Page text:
[Literary passage] Chess metaphors in The Cardinal

Let’s delight in Henry Morton Robinson’s deft use of chess figures of speech towards the end of this scene. The man was a master at simile and metaphor.

Setup: Young Father Stephen Fermoyle has fallen in disgrace with the irascible Cardinal Glennon, who banished him to a remote, penniless parish as assistant to the ailing Father Halley. In time, Stephen discovers Halley and Glennon were once close friends, but became estranged after Halley, though a saintly man, proved a disaster at parish finances. Now Halley is gravely ill. Unwilling to ask Glennon for help, Stephen secretly sells a precious ring of his in order to pay the doctor. But Glennon learns of the sale, and demands to know its reason.

Chess board and pieces

Glennon picked up the ring, regarded it with a connoisseur’s curiosity. “How did you come by this?”

“It was a gift from a friend, Captain Gaetano Orselli of the Italian Line.”

“You seem to have quite a way with these Italians,” said Glennon dryly. “Why did you sell it?”

“For private reasons, Your Eminence.”

Hedging answers always stirred up Glennon’s wrath. “Between a curate and his archdiocesan superior, there can be no ‘private reasons,’ as you call them, Father Fermoyle. I demand that you tell me why you disposed of this ring.”

Very well, thought Stephen. You’re asking for it. “I sold the ring to pay the medical expenses of Father Edward Halley.”

“Medical what?” The Cardinal’s tone was that of an incredulous patrician hearing that an old club member was in straits. “Is Father Halley ill?”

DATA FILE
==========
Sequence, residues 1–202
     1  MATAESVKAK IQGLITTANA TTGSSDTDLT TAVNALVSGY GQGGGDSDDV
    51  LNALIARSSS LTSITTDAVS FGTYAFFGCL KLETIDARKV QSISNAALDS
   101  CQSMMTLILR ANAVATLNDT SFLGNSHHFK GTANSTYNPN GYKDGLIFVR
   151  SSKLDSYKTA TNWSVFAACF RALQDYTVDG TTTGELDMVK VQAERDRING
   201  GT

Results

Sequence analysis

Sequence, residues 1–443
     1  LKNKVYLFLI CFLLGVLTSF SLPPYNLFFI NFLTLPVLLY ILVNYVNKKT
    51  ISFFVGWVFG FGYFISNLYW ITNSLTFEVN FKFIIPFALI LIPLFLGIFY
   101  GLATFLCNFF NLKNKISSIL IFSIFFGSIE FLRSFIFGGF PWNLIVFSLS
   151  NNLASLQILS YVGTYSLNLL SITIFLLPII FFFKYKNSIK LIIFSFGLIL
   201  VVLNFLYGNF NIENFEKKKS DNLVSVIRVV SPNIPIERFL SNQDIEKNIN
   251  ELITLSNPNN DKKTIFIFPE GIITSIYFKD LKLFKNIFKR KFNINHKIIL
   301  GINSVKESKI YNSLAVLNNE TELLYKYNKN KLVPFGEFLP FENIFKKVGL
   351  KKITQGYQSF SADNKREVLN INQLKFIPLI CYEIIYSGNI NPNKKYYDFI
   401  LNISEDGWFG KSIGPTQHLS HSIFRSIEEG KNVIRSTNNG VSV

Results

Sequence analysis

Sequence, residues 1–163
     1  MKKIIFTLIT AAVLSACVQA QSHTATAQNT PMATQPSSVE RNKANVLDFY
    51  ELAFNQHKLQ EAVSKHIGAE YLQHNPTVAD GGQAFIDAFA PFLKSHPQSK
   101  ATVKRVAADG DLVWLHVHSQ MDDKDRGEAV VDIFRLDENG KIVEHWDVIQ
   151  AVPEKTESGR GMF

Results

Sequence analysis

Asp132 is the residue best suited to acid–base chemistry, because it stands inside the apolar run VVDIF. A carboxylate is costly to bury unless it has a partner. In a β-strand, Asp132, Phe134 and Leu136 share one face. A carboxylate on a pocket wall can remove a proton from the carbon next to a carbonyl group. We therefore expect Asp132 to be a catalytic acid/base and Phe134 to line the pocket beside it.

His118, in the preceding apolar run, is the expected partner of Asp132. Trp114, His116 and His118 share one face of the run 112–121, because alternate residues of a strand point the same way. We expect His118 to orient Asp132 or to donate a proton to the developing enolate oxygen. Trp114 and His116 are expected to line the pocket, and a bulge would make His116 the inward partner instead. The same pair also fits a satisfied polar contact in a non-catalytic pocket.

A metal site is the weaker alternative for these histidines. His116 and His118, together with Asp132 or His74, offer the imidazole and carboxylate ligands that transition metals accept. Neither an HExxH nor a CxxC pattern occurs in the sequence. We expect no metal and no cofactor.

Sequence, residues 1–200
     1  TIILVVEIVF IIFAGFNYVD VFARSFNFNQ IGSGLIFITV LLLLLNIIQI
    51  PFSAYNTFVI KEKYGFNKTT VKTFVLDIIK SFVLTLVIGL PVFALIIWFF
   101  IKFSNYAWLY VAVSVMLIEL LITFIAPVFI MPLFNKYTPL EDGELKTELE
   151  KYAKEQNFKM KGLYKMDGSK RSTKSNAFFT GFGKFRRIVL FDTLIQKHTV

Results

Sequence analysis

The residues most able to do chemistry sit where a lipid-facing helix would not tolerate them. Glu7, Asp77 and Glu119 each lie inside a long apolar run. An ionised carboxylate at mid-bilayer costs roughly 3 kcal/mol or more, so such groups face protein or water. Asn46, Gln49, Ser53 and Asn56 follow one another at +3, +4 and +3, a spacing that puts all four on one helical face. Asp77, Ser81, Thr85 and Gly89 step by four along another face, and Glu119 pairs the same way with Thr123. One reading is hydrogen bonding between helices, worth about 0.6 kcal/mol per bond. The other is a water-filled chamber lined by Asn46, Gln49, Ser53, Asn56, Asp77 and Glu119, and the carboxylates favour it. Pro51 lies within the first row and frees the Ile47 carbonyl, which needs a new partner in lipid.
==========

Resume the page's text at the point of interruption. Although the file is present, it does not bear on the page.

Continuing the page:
“Dying, Your Eminence.”

“Ned Halley dying?” Terror and remorse struggled for possession of the Cardinal’s throat. For a moment he was speechless; then indignation had its habitual way. “Why wasn’t I told of this earlier, Father Fermoyle?”

Through the Cardinal’s broken defenses, Stephen saw his opening. A pawn sacrifice that might lead to an ultimate check. Shrewdly he invited attack: “I presumed that Your Eminence would be uninterested.”

Lawrence Glennon bought the gambit. “Presumed?” He bounced the heel of his hand off the table. “Your presumption passes belief, Father Fermoyle. How could I be uninterested in Ned Halley? He is one of my senior pastors, a fellow seminarian, a boyhood …”

Lawrence Glennon started to say “friend.” Then in mid-sentence he realized that Stephen had lured him into a fool’s mate, and that the frosty blue eyes of this extraordinary young curate were now gazing at him as a humorous chess master might gaze at a tyro.

Photo: Stella Becker


Would you like to refresh your knowledge of the difference between similes and metaphors? You can quickly do that here.

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